Who Do You Think You Are?; Circus Kids; Outlander

“What a cracker of an episode to launch the new series of Who Do You Think You Are?”

“Charles Dance’s episode follows the usual beats. A surprising discovery here. A poignant story there. And then a heartwarming reunion with long-lost relatives. It’s gentle, charming and perfectly interesting weeknight TV.”
Mark Butler, The i

“Dance was not the perfect WDYTYA? subject, too controlled and unexpectedly too un-actorly to go much beyond the possibility of tears as the revelations mounted. The hour was, however, a triumph for the programme’s secret and dubious mission, which is to persuade us that nature rather than nurture determines our characters.”
Andrew Billen, The Times

“Dance was an ideal subject for the type of ancestral guided tour we know and love, and of which we show no sign of tiring. The series famously gets celebrities to weep for unknown ancestors. But you can’t help feeling Dance benefited more than most, discovering not only the dead but a whole new living, breathing family.”
Gerard O’Donovan, The Telegraph

“What a cracker of an episode to launch the new series of Who Do You Think You Are?

This history show always has most fun when the revelations and scandals are hiding in the lowest branches of the family tree. Within the opening five minutes, this family saga had become satisfyingly murky and convoluted.”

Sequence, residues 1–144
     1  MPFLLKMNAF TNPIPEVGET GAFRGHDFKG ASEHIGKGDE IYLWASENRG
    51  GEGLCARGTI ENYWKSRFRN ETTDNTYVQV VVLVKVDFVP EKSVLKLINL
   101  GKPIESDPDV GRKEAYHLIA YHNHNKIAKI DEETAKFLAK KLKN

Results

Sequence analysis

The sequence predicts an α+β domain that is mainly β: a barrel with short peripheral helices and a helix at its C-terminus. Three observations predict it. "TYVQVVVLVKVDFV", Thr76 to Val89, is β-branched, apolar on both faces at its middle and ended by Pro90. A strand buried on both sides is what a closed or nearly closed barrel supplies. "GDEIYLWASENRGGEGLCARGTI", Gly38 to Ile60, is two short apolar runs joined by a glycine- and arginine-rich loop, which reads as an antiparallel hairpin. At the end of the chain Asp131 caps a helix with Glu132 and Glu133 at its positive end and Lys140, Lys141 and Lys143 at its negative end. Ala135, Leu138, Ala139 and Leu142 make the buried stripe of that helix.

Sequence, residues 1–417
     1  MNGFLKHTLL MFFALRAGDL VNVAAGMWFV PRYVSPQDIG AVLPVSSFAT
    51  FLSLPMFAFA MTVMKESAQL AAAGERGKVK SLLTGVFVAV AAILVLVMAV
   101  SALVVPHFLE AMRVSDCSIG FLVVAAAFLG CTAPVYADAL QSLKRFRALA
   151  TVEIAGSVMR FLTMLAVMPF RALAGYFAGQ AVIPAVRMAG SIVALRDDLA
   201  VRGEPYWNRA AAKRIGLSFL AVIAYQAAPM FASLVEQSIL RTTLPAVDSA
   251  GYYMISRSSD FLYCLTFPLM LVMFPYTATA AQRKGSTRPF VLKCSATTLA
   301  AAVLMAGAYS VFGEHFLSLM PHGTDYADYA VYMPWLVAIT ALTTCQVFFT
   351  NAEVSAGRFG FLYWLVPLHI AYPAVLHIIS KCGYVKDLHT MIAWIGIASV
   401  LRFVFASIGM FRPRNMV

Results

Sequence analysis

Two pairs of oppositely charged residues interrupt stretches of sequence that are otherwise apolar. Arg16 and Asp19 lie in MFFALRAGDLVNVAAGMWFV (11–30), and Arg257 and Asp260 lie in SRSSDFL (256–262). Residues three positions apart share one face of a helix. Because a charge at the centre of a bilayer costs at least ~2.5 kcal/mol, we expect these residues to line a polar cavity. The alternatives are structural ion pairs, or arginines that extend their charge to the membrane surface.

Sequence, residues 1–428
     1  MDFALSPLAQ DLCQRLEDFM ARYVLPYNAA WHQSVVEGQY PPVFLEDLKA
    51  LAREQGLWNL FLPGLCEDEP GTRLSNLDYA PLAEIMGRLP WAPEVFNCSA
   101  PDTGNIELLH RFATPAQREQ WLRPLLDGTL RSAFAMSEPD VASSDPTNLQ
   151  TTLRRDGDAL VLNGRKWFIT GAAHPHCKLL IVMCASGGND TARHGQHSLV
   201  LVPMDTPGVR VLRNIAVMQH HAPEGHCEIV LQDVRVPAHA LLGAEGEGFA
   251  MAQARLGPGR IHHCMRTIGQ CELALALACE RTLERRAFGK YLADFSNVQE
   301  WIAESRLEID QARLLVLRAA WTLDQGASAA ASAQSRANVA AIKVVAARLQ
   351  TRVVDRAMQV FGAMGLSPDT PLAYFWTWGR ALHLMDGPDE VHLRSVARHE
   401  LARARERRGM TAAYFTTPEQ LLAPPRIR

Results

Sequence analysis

Christopher Stevens, Daily Mail

“It was very nearly a satisfying journey but for the gaping hole where Charles’ mother ought to have been. How had this single mother (if that’s what she was) met, married and had a second child with Walter, a man much older?”
Matt Baylis, Daily Express

“A military historian took one look at the only picture Dance had of Walter – standing tall, in uniform – and knew immediately, by the lack of breast pockets and the fanciness of his belt, that it was taken in 1900. These are the WDYTYA moments I live for. The knowledge contained in some human brains, the dedication and love it takes to acquire it always blows my own tiny mind.”
Lucy Mangan, The Guardian

“There are hints of the sadness and the melancholy that underlies such a transient life of performing, and of the mental and physical toughness you need to survive it, and it is possible that these will come more to the fore in future episodes. But for now it is a neat, straightforward look at children happy with their lives and working hard to succeed.”
Lucy Mangan, The Guardian

Outlander, More 4

“It’s pure hokum, but lavishly done. If your once-a-week fix of passionate clinches and heroes on horseback with Cap’n Ross and Demelza is no longer enough, Outlander will leave you sated.”
Christopher Stevens, Daily Mail

News Ratings Comments & Blogs Features Technology Jobs